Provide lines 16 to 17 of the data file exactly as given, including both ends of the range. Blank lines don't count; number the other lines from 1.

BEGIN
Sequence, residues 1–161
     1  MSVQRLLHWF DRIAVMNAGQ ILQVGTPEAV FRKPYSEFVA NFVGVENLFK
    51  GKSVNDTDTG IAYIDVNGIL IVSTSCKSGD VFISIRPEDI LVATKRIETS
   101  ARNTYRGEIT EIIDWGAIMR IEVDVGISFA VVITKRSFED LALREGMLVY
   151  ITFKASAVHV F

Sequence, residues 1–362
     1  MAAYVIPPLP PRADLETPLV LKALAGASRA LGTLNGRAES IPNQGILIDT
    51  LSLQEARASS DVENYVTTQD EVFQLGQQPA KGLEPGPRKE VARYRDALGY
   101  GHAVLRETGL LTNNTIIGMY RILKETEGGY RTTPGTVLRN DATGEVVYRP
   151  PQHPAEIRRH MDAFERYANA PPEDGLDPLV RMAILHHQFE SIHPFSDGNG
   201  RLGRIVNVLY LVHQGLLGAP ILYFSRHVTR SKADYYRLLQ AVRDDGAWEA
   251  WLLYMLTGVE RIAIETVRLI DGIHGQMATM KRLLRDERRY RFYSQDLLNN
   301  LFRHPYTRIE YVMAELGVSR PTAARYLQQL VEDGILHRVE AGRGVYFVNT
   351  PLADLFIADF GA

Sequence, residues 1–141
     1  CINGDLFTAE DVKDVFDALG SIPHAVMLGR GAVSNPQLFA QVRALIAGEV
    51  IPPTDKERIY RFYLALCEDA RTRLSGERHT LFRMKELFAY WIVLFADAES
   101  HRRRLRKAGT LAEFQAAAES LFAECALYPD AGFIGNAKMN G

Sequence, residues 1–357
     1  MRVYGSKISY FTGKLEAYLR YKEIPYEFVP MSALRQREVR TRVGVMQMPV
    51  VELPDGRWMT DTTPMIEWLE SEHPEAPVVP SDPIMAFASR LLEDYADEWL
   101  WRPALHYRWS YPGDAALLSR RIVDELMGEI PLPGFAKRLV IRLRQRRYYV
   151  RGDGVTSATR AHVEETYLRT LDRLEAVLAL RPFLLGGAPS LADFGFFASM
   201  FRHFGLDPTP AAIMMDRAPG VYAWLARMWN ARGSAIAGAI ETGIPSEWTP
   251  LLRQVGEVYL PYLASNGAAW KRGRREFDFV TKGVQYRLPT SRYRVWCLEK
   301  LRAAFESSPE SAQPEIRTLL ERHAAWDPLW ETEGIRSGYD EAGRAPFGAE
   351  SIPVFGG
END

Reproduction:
     1  CINGDLFTAE DVKDVFDALG SIPHAVMLGR GAVSNPQLFA QVRALIAGEV
    51  IPPTDKERIY RFYLALCEDA RTRLSGERHT LFRMKELFAY WIVLFADAES